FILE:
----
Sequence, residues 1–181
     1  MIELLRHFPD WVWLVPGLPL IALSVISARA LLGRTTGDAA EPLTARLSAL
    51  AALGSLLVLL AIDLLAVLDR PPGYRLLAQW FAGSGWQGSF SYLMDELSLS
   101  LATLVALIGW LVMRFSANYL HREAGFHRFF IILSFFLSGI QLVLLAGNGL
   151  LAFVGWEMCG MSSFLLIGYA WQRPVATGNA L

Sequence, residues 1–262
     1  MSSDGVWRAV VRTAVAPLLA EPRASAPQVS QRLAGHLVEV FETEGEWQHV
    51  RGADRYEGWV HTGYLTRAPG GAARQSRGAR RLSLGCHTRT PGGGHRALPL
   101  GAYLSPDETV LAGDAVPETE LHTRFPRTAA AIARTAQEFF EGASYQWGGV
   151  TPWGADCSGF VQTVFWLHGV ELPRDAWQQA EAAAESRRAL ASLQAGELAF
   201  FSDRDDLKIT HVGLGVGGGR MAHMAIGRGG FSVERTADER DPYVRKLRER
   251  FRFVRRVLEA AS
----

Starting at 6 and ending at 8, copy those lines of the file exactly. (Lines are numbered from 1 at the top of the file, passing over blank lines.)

Sequence, residues 1–262
     1  MSSDGVWRAV VRTAVAPLLA EPRASAPQVS QRLAGHLVEV FETEGEWQHV
    51  RGADRYEGWV HTGYLTRAPG GAARQSRGAR RLSLGCHTRT PGGGHRALPL